Videos have emerged of armed groups attacking convoys and diplomats say criminal gangs are beginning to fill the void left by the absence of Hamas.

Without any plan, “the vacuum will be filled by chaos and illegal gangs and criminals,” said Ahmed Fouad Alkhatib, an American commentator on Gaza affairs who grew up in Gaza, “or by Hamas, which will manage to re-emerge.” and try to reconstitute it.”

Power vacuums are inevitable after most wars. But critics of the Israeli government say the vacuum in northern Gaza is worse than it could have been because Israeli leaders cannot agree on what should happen next.

The country’s Prime Minister Benjamin Netanyahu released a plan in late February that suggested that “the administration of civil affairs and the maintenance of public order will be based on local stakeholders with management experience.” But beyond pointing out that these administrators could not be affiliated with “countries or entities that support terrorism,” Netanyahu did not provide further details.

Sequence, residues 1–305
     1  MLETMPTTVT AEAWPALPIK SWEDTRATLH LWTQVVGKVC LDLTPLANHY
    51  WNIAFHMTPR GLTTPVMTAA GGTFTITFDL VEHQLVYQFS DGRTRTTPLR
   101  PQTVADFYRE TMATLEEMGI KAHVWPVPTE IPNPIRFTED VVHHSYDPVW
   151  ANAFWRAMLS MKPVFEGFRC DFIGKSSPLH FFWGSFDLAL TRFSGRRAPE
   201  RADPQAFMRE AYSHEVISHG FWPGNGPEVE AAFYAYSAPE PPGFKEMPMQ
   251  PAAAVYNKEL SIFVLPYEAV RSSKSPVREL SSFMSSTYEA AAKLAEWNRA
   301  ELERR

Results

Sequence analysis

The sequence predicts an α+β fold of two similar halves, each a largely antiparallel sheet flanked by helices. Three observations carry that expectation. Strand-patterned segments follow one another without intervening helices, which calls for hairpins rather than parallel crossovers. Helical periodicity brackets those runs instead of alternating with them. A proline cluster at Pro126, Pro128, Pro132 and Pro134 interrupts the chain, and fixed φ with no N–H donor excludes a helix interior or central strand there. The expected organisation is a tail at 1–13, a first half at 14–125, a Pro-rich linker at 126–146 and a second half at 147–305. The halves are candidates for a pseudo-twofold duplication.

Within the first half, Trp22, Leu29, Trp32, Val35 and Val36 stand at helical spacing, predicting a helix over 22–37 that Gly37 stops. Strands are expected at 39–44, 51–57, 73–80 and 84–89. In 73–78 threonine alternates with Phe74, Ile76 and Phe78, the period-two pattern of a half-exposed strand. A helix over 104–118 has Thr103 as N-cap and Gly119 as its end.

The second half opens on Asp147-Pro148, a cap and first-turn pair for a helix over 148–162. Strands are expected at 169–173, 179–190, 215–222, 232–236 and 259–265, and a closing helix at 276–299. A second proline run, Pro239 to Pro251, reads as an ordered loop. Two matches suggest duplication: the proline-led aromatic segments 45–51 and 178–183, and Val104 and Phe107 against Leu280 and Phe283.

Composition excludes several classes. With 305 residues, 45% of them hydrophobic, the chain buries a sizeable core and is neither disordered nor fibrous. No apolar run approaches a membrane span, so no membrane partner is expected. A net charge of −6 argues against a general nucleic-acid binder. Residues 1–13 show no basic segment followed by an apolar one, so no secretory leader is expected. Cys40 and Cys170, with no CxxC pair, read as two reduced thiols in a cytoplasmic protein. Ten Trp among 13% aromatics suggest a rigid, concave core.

His plan was so vague that it was interpreted as an attempt to postpone an imminent decision on whether to prioritize the goals of his domestic political base or those of Israel’s strongest foreign ally, the United States.

Vocal parts of Netanyahu’s right-wing base are aggressively pushing for the restoration of Jewish settlements in Gaza, nearly two decades after Israel eliminated them. Such a plan would require long-term Israeli control over the territory, making it impossible to reestablish Palestinian governance there.

Instead, the United States and other Western powers and Arab states are pushing to allow Palestinian leaders in the Israeli-occupied West Bank to govern Gaza, as part of a process toward creating a Palestinian state spanning both territories.